Or, To Give Away or Not Give Away
As writers (at least as writers in the U.S.), we are expected to give away a portion of our product. We give away signed books–btw, you have four more days to sign up to get one of mine–ebooks, short stories, novellas, etc.
And I don’t even want to put in writing what someone asked me to give away today. Let’s just say the request that landed in my inbox made me think long and hard about the value of a FREE THING.
Opinions, and Experiences, Vary
There are authors who have drawn a line in the sand and said, no more. There are authors who swear by offering freebies as a recipe for growth.
In my completely unofficial, anecdotal opinion, the efficacy of giving away books depends on the author, the quantity, and the reason. With a big enough publicity push behind you and your publisher shouldering the cost, the visibility boost can be effective. You might end up ranking very high in search. You might get hundreds or thousands new reviews. Well… that’s the publisher’s business.
I think authors who take on a chunk of publicity themselves should not give away books TOO MUCH. It’s fun to win a book after signing up for a newsletter or entering a giveaway. I like winning books and I’m okay with giving away my books to a winner because I know it’s exciting to receive them. A book won in a contest is special because the winner might be one in several thousand who entered. Or even if it’s one in ten, winning it makes it special.
A Giveaway Usually Serves a Purpose. Free Stuff Without a Purpose is Just Free Stuff
But today I was asked to simply give my books. With postage. And you know what? I’m not going to. Frankly, I’m working very hard not be offended. After all, the person who asked chose me and wants to read my book. They just think I should give it to them for free. And I think that’s wrong.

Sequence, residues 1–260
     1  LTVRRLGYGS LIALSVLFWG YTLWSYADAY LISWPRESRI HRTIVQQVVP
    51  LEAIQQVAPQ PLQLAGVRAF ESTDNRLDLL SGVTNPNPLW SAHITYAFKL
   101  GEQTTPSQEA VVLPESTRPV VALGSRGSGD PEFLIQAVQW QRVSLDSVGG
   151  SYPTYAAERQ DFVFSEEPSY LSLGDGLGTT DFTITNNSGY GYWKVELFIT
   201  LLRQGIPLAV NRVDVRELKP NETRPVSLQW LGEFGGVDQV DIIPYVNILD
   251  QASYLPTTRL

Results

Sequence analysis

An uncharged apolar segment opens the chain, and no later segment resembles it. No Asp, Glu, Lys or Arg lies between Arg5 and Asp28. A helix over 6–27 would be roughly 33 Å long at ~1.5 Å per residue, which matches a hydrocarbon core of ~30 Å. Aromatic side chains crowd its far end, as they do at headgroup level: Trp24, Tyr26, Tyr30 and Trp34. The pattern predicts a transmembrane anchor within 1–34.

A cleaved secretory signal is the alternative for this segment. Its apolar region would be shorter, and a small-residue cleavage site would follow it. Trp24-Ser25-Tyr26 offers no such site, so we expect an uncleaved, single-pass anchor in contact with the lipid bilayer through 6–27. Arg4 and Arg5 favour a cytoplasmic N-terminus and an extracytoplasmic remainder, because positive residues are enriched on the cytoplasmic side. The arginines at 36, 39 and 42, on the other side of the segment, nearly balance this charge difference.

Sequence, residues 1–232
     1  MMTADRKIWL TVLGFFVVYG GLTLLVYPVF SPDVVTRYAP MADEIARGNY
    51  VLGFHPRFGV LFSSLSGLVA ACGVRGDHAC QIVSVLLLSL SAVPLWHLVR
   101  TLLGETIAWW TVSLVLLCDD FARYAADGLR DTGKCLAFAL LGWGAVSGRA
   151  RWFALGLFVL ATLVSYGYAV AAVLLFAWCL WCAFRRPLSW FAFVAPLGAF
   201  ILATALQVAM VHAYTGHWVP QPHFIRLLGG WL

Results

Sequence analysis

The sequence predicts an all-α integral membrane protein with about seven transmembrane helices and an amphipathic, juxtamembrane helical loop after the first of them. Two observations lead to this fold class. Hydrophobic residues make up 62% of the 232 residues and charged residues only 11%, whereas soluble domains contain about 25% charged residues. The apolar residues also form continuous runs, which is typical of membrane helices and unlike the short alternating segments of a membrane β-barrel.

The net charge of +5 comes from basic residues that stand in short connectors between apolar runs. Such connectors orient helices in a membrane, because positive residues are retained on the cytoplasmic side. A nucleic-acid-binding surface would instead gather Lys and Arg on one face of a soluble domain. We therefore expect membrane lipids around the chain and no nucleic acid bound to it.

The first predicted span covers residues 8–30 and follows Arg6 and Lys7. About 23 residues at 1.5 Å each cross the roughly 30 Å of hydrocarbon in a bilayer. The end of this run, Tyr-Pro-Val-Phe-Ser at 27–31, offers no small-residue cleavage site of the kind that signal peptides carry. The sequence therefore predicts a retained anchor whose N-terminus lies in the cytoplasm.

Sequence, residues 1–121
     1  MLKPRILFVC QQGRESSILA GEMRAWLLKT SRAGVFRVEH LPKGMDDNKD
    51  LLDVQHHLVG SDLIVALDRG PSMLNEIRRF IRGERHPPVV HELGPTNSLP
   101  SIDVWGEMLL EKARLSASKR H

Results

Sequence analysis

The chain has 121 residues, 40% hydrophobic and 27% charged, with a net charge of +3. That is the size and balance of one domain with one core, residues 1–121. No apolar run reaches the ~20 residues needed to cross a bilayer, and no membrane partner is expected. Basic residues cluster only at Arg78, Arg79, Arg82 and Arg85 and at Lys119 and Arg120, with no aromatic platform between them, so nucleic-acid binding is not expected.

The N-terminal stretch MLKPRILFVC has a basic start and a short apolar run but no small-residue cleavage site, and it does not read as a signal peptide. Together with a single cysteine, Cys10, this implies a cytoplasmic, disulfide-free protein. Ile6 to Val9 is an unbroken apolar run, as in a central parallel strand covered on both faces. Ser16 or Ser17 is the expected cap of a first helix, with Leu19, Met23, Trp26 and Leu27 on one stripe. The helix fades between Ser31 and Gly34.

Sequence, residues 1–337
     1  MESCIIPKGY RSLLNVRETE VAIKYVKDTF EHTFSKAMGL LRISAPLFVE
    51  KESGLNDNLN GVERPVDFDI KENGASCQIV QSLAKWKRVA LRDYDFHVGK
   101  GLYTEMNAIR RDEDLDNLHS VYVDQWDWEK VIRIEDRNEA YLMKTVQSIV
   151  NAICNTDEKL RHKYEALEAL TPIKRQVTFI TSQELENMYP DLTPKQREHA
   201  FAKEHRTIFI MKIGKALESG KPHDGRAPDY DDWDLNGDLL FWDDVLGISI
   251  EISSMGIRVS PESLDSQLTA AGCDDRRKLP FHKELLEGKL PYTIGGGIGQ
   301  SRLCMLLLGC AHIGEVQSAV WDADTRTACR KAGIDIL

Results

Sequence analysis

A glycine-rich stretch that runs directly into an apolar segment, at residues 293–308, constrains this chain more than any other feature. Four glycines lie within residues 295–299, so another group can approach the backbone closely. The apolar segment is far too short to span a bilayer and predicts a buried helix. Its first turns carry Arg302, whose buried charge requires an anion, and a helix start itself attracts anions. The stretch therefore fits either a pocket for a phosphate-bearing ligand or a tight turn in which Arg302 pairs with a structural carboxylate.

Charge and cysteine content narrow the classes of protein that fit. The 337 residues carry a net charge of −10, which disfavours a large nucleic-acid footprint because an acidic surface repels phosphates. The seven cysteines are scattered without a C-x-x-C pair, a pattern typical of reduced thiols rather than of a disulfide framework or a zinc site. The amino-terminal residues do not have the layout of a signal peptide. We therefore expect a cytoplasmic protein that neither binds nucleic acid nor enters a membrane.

Yes, books are expensive. But there are libraries. And if your local library doesn’t have my book, I would LOVE it if you asked them to buy it. I love libraries. LOVE them. If you wait a bit after a book launches, the price goes down. My debut is $1.99 for the ebook right this very minute and until February 28th.
I guess the only thing I can do at this point is turn to Elvis (as one is wont) who reputedly mused “why buy the cow if I can get the milk for free?” Welp, if everyone keeps getting the milk for free, there won’t be any money to feed the cow, or house it, or care for it in any way, and it’s gonna die.
Go on, tell me your thoughts.
Her short stories appear in A Stranger Comes to Town, edited by Michael Koryta, Secrets in the Water, After Midnight: Tales from the Graveyard Shift, River River Journal, Snowbound: Best New England Crime Stories 2017, and 1+30: THE BEST OF MYSTORY.
When not writing, Emilya works as a visual artist and reads massive quantities of psychological thrillers, suspense, and crime fiction. She lives in the Hudson Valley with her family.
I think people value free things less than that what they paid for. I know I’m less likely to read books I find in the convention bookbag and I don’t bring most of them home anymore. I’ve done a couple Goodreads giveaways that didn’t result in an equal amount of reviews or bumped my numbers. So at some point it’s diminishing returns. But I scored a free ARC of IQ at a workshop and became a devoted Joe Ide fan.